Where could the next measles outbreak be?

Even as more American children are getting immunized against measles, diphtheria and other diseases, public-health officials are increasingly worried about potential outbreaks of these illnesses in certain pockets of the country where vaccination rates are dangerously low.

Parts of Oregon, Washington state, Idaho, Montana and a few other states have some of the lowest rates of compliance with vaccination guidelines—and the problem is growing, health officials say.

Overall vaccination rates in some of these communities are under 80 percent, far below the threshold that is needed to prevent an outbreak for certain diseases. Exemptions in many states for philosophical or religious reasons allow parents to opt out of requirements for children to be vaccinated before entering school. Other parents delay immunizations for their young children, leaving them exposed to possible infections for a longer time.

Health experts say a community needs about 95 percent of its citizens to be immunized against measles to ensure herd immunity, where vaccinating a large percentage of a population keeps even unvaccinated people from getting the disease. Even people who aren't vaccinated, such as newborns, get some protection from herd immunity as the disease remains limited to a small part of the community.

Measles is a highly contagious respiratory condition that can lead to encephalitis, pneumonia and death. Other diseases, depending on how contagious they are, require other rates of immunization for a community to benefit. For mumps, 88 percent need to be immunized, and for chickenpox and polio the rate is 90 percent.

"The Northwest is a black hole for religious exemptions" from vaccination, said Lorraine Duncan, immunization manager in the Oregon Health Authority's Public Health Division.

Last year, 5.6 percent of Oregon kindergartners had a religious exemption for vaccines, up from 2 percent a decade ago, Duncan said. In some school zones around Eugene and Portland, more than 10 percent of children have religious exemptions, and in pockets of the state's southwestern corner, exemption rates are more than 20 percent, she said.

"Whenever we have pockets of unvaccinated children, we start worrying," Duncan said. The federal Centers for Disease Control and Prevention is working with Oregon health officials on how to respond to a potential outbreak in the region.

Overall, more parents in the U.S. are getting their children vaccinated than in recent years, when concerns about immunization prompted some to opt out. Rates of vaccination for measles, mumps and rubella, considered a bellwether for U.S. rates, ticked up to 91.5 percent in 2010 from 90 percent in 2009, according to the CDC. Vaccination rates are lower for new immunizations such as the HPV vaccine for teens, and a childhood vaccine against rotavirus, according to Lance Rodewald, the CDC's director of immunization services.

Spurring more parents to seek vaccinations in recent years was the H1N1 flu pandemic in 2009 and the rush it prompted for scarce vaccine, some pediatricians say. "It raised awareness of the importance of getting vaccinated," said Dr. Anita Chandra-Puri, a pediatrician at Chicago's Northwestern Memorial Hospital.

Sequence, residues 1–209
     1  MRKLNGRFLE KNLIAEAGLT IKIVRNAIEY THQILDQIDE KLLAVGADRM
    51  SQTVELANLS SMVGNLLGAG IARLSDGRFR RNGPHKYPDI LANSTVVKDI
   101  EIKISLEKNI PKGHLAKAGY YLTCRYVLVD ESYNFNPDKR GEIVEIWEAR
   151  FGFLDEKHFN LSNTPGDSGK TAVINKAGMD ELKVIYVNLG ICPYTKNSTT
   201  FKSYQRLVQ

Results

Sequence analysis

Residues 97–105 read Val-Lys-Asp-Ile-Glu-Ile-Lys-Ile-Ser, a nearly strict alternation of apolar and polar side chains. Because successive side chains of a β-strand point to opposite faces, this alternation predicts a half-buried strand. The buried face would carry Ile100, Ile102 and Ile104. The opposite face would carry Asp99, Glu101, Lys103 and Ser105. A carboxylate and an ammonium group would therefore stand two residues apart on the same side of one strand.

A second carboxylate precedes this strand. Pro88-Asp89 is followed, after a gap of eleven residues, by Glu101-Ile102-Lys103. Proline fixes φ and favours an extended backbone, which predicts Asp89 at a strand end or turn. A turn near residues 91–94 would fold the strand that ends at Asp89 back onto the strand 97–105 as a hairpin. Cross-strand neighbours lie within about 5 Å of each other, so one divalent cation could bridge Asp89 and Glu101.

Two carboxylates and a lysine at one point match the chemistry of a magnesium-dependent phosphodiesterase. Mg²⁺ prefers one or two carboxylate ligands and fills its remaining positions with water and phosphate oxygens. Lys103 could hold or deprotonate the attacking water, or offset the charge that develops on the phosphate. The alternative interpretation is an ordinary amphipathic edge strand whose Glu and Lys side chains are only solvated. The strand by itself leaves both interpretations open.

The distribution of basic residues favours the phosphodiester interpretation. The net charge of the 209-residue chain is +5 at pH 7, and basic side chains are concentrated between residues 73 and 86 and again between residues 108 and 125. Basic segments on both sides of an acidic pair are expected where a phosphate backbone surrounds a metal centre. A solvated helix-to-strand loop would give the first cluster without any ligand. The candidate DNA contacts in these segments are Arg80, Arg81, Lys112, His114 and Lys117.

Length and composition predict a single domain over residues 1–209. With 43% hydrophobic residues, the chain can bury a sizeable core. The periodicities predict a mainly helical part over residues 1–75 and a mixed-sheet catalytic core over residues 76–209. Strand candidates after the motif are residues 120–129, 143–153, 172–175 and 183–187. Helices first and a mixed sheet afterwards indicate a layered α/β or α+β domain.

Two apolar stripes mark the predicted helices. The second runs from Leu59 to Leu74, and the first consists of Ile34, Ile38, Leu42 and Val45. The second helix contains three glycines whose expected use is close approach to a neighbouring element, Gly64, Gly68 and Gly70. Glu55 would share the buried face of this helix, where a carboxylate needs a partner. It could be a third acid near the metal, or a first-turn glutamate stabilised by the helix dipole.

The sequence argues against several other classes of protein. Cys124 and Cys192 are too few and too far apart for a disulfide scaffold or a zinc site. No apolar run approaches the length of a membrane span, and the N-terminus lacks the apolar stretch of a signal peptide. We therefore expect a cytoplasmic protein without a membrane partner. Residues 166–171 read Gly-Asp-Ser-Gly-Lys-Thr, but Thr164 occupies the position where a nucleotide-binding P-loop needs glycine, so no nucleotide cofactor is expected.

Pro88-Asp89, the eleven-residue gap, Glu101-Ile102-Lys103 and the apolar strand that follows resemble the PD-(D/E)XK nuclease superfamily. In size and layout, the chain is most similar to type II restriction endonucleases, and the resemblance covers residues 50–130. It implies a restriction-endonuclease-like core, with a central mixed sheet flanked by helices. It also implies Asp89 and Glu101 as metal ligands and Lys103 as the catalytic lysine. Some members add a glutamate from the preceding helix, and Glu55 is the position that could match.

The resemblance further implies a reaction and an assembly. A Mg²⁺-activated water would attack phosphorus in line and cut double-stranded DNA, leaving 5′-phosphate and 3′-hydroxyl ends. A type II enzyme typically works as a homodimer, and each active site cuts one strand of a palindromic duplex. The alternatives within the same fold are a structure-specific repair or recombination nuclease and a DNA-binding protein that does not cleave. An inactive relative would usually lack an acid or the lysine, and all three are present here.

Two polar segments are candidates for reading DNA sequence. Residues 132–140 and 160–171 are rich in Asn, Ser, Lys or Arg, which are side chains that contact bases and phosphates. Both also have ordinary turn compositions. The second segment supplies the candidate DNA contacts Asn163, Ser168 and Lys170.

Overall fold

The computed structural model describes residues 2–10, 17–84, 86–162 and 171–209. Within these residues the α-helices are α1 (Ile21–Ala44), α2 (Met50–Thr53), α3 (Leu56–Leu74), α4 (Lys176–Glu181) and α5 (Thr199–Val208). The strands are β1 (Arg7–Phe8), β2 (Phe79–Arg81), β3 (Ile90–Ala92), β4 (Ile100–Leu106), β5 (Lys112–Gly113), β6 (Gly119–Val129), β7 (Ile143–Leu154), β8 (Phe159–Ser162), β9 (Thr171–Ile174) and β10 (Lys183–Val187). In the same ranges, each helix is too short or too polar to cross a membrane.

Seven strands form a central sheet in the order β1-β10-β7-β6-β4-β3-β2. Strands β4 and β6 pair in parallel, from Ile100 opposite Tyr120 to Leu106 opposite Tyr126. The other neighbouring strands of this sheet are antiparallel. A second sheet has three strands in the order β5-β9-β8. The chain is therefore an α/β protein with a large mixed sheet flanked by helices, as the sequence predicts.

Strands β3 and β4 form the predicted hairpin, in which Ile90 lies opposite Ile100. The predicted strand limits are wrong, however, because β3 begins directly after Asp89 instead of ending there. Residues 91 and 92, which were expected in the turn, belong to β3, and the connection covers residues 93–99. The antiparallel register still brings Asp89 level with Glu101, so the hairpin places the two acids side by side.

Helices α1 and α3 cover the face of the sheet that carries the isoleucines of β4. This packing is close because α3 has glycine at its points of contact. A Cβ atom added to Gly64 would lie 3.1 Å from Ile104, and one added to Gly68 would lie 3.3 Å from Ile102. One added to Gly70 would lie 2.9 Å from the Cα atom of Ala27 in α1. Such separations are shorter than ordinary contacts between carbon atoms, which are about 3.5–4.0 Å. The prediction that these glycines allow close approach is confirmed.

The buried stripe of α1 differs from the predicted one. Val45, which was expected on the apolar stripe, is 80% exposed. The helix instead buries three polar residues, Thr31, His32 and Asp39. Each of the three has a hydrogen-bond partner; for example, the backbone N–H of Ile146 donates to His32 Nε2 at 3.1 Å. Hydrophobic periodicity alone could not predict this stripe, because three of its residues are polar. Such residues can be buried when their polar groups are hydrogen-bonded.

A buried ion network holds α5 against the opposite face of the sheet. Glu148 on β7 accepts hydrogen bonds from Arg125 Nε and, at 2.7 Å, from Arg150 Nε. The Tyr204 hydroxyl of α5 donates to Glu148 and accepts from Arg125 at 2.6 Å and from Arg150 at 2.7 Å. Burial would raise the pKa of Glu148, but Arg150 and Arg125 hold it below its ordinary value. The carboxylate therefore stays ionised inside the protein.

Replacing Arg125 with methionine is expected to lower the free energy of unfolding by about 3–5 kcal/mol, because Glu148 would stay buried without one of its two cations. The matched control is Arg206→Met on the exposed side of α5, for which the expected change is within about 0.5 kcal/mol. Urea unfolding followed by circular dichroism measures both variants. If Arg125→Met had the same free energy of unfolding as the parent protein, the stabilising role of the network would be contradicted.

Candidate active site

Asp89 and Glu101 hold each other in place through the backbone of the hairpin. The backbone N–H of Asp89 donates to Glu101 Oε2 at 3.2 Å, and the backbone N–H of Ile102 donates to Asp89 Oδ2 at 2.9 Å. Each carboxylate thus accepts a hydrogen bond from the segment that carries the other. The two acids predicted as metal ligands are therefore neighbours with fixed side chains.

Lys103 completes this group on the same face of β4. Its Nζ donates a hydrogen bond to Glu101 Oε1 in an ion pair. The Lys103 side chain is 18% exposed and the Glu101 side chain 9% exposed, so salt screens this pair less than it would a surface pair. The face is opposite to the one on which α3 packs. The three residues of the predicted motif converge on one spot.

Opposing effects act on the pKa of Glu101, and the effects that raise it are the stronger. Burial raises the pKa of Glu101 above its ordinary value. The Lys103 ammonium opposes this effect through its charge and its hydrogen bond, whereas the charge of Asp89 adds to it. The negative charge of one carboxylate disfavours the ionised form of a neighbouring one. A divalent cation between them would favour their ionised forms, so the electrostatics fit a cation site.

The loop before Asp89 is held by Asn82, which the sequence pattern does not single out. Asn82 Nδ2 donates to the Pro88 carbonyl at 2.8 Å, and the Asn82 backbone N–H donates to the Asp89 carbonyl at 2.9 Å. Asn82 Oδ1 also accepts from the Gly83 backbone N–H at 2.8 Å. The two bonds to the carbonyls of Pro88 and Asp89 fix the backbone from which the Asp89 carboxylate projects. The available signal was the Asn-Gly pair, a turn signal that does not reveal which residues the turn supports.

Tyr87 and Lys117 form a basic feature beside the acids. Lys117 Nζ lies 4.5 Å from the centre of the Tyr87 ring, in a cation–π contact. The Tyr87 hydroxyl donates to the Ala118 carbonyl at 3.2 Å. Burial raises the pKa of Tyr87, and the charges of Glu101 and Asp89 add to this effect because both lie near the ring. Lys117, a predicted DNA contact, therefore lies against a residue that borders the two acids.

Dr. Ari Brown, a pediatrician in Austin, Texas, says that three or four years ago she would spend much of the time when meeting with new parents assuaging their concerns about vaccines. Now, she said, "It is just not an issue anymore."

In a 2010 survey conducted by the CDC, more than a third of parents of children aged 6 years and younger said they were concerned about how many vaccines a child receives in the first two years of life, and about how many shots they were given in a single doctor's visit. And nearly a third of respondents said they had concerns about a purported link between vaccines and autism—despite scientific evidence debunking this theory. Immunization guidelines call for children to receive 10 immunizations in about three dozen shots by the time they turn 6 years old, and more in their teenage years.

There is evidence of the dangers of not getting vaccinated. At the Super Bowl last month, two people who were infected with measles visited the event's crowded entertainment village in downtown Indianapolis, part of an outbreak totaling 16 measles cases, according to the Indiana State Health Department. The CDC says 222 cases of measles were reported last year in the U.S., the highest number since 1996.

And in San Diego, a measles outbreak in 2008 was traced to an unvaccinated 7-year-old boy who contracted the disease in Switzerland and passed it on to 11 other unvaccinated children, including in his family, his school and his pediatrician's office. Three of the schoolmates who got sick caught the disease indirectly, from others the boy had infected. And an infant who contracted measles at the pediatrician's office later traveled by plane to Hawaii while still infectious, according to a CDC report.

All 50 states require children to receive vaccinations recommended by a government advisory panel before attending school, but all allow exemptions for medical reasons. Forty-eight states—all except Mississippi and West Virginia—also recognize religious exemptions, and 20 grant exemptions for philosophical concerns, according to the National Conference of State Legislatures. A small percentage of parents choose not to vaccinate because a child has a serious illness like cancer, but most who delay or refuse vaccinations do so for religious or philosophical reasons.

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